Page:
Drivers exceed drinking limit by miscalculating amount of alcohol consumed
Almost four in five motorists risk exceeding the drink-drive limit by miscalculating the alcoholic content of pub measures, a new study suggests.
Some 80 percent underestimate the unit content in a pint of lager and 55 percent get it wrong on a large glass of wine, the Daily Mail reported.
It is commonly thought a man can consume up to four units before going over the limit - 80mg of alcohol per 100ml of blood - while a woman can only have between two and three.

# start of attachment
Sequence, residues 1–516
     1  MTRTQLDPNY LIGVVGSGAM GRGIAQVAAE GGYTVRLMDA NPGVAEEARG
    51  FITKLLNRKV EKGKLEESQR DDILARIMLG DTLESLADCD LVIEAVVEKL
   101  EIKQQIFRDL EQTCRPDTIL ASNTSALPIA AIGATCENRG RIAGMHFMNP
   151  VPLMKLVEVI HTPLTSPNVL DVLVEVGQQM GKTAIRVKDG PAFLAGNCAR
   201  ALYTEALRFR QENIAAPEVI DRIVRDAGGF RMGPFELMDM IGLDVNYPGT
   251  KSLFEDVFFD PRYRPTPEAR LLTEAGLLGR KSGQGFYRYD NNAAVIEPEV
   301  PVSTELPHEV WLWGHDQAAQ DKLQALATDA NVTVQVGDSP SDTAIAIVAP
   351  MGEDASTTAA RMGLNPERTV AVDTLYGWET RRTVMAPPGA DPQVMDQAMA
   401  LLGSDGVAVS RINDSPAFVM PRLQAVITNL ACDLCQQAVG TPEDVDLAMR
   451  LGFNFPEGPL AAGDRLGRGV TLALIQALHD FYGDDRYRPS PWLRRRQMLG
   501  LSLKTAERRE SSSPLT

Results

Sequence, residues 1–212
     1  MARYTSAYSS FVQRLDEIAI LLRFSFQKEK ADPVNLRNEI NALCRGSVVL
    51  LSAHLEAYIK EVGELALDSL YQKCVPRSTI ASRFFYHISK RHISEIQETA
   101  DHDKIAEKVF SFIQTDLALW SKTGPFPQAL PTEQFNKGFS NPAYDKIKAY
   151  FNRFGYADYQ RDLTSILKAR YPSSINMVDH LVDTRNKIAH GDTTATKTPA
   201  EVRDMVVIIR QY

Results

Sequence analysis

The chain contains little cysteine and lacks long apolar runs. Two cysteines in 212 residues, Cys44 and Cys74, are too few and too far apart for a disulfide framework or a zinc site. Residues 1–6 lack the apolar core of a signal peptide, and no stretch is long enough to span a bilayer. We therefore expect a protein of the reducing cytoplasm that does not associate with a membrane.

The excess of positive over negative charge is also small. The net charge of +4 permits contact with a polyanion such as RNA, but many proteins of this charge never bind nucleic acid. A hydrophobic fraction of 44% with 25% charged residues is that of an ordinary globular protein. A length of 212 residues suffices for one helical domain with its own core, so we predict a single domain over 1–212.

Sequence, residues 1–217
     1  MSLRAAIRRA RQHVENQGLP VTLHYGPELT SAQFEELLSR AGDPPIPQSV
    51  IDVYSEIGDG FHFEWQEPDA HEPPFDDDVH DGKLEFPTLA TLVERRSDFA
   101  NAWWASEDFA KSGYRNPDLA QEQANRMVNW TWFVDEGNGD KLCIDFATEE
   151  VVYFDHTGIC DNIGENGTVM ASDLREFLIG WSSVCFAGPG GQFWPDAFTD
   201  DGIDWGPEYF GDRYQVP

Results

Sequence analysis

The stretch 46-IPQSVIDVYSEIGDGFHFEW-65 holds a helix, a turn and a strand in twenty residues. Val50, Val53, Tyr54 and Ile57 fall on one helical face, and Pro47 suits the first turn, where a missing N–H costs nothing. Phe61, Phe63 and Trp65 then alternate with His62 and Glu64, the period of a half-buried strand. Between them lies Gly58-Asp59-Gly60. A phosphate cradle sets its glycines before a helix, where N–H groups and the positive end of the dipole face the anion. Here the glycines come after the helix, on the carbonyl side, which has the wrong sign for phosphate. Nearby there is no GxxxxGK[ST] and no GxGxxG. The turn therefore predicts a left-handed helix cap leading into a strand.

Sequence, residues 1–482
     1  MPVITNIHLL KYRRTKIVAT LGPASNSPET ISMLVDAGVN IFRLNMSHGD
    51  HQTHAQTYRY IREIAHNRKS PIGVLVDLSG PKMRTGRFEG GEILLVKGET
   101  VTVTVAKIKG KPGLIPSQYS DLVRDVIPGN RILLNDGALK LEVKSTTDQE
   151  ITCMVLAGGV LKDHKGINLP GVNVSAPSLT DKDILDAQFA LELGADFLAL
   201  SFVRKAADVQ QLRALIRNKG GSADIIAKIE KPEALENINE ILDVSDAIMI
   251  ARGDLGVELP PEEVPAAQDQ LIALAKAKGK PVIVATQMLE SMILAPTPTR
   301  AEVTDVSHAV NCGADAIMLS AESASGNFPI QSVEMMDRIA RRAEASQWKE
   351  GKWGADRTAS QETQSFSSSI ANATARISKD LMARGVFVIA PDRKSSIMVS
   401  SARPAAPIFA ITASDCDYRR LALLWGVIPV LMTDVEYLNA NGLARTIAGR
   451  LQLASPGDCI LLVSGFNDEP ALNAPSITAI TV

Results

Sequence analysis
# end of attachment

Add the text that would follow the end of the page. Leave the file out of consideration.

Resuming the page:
But medical experts stress this is not a safe guide, as much depends on factors such as age, weight, gender and metabolism.
Police say that the only infallible rule is: If you drive, don't drink, and if you drink, don't drive.
Road safety campaigners say confusion over units makes it almost impossible for drivers to calculate whether or not they are under the legal limit.
Carole Whittingham, national secretary of the Campaign Against Drinking and Driving said: "Most people do not have a clue about how many units they have consumed."
"There is so much confusion. Not even a mathematician could work out how many units you have had," she said.